In many areas due to the climate effect we may well ask: “Will the snow cover or uncover the tracks?” Namely, even if micro-organisms are small and invisible to our eyes, their effects are often most observable and have large dimensions.

Northwards of the 60th altitude, 50% of the world population is Finnish. However, contrary to a common disbelief, the polar bears are not wandering in the streets of Helsinki. They live north from us, but it is the arctic areas which are the most subjected to the so-called climate change. And the warming is affecting the microbes. Several of them, such as the methane archaeans, do accelerate the process.

In the islands of the Arctic Ocean the phenomenon called “watermelon snow” has been increasing lately. This means the snow fields change color into pink. This is caused by a mass occurrence of an algae, Chlamydomonas nivalis, which has a secondary red pigment, astaxanthin. This organism thrives in the freezing water, and it has been known in many polar or high altitude areas of the world. Nowadays, as the habitats of the polar bear are shrinking, it has painted increasing areas pink.

A simple example of the times that we live in. By the way, this substance (astaxanthin) is known for being one of the most potent and beneficial antioxidants for human health, and the algal pools have been established for its production.

In Finland, relatives of the polar bears, the brown bears, are now looking for a place to hibernate under the protective cover of snow. They have eaten the precious antioxidants of the wild berries, such as cranberries, lingonberries and cloudberries in the wildmark. They are not as big as the polar beers, but the largest males have been said to weigh over 500 kilos. Besides being carnivores, they consume lots of plant-derived foods. Actually, some individual brown bears are said to eat more meat-containing foods whereas some others are more fond of berries, mushrooms, ants and such a diet. This could reflect their gut microbiome.

But as the bears exist all over, they have specialized in variable foods. In the “Jungle Book” by Rudyard Kipling (in 1894), the ‘Baloo’ bear of the South was described to enjoy the richness of the southern forests and their fruits in India.

In North America, the streams of the northern Pacific coast receive salmon fishes which have grown in the ocean and return for mating to the rivers where they were born. There many of them get caught by the grizzly bears. Bear defecation, in turn, as it is described in the book by German writer and forester Peter Wohlleben “The Hidden Life of Trees” (“Das Geheime Leben der Bäume”, 2015), will nourish the soils and consequently the trees in the upstream forests. This is another saga about the richness of Nature.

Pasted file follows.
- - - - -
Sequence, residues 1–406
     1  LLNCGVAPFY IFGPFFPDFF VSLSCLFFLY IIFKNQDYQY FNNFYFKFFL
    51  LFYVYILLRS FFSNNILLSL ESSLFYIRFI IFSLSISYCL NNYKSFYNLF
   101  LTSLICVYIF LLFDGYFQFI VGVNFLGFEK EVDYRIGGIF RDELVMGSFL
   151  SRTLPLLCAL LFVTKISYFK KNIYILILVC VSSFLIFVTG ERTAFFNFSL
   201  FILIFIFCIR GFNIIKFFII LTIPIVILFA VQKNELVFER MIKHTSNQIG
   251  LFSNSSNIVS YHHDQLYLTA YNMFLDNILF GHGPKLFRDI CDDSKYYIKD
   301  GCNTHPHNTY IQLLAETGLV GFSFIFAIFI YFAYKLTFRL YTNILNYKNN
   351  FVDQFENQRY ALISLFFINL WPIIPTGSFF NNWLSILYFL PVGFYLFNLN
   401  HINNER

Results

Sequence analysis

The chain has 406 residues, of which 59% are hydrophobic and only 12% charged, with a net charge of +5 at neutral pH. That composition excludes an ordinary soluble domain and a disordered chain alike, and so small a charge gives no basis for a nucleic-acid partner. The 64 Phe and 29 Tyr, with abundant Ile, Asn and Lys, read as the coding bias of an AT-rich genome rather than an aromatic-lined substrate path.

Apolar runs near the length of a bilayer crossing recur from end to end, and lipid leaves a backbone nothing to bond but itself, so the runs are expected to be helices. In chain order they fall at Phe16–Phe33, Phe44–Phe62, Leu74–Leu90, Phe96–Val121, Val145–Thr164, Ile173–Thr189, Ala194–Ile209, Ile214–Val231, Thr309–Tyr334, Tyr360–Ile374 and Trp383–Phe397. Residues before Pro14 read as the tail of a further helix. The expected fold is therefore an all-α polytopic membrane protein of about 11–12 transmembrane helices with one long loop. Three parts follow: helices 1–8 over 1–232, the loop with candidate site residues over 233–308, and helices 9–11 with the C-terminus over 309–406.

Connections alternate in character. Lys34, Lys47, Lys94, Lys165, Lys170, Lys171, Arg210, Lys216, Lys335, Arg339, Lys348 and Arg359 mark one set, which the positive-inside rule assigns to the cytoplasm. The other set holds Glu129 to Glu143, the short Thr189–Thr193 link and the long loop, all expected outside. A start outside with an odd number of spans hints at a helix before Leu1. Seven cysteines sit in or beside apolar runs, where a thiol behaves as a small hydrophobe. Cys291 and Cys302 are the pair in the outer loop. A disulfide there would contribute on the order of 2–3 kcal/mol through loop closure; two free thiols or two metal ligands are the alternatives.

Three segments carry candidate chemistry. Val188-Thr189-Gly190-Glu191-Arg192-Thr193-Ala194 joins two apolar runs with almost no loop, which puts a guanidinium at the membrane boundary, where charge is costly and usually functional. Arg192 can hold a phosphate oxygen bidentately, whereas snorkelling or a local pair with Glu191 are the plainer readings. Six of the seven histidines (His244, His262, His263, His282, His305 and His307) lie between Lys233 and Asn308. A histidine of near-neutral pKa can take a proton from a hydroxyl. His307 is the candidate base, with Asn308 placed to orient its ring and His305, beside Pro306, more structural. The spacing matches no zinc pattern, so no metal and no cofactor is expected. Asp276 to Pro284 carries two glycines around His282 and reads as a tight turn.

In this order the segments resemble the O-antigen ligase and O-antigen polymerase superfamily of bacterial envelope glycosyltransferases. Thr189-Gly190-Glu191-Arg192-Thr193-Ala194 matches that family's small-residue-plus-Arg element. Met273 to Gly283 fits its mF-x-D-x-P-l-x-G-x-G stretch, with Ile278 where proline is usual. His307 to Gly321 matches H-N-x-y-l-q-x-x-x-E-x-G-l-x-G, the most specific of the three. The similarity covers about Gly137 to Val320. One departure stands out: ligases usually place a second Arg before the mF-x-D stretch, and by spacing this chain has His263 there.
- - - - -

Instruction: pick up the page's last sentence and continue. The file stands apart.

In fact, we humans eat such a versatile diet as the bears do, depending on the availability. This has shaped our microbiome. In December, our book “Microbiology of Food Quality – Challenges in Food Production and Distribution During and After the Pandemics” (edited by Elias Hakalehto) will be published by the oldest publishing house in Germany, De Gruyter of Berlin. The book will introduce various food chains from the harvest or catch to the table.  Please, see the link:

One of the main things for our health and body defenses is the microbiome.

As the world has changed due to the current pandemics, and will not revert the same as before, we need to rethink our ways of producing and distributing adequate and versatile food safely. Microbes are the solution to many of the issues thereof. With plants and animals they constitute the great organization of Nature. They facilitate the circulation of substances. But as humans we have the responsibility to support the system for our own benefit – and that of the bears´.


by E. Elias Hakalehto, PhD, Adj. Prof. (Universities of Helsinki and Eastern Finland)
Microbiologist, Biotechnologist
CEO, Finnoflag Oy
Vice President, International Society of Environmental Indicators

Copyright Elias Hakalehto and Finnoflag Oy

Published on 2nd of November, 2021
Edited by Dr. Vladimir Jakovljevic (Microbiome Power)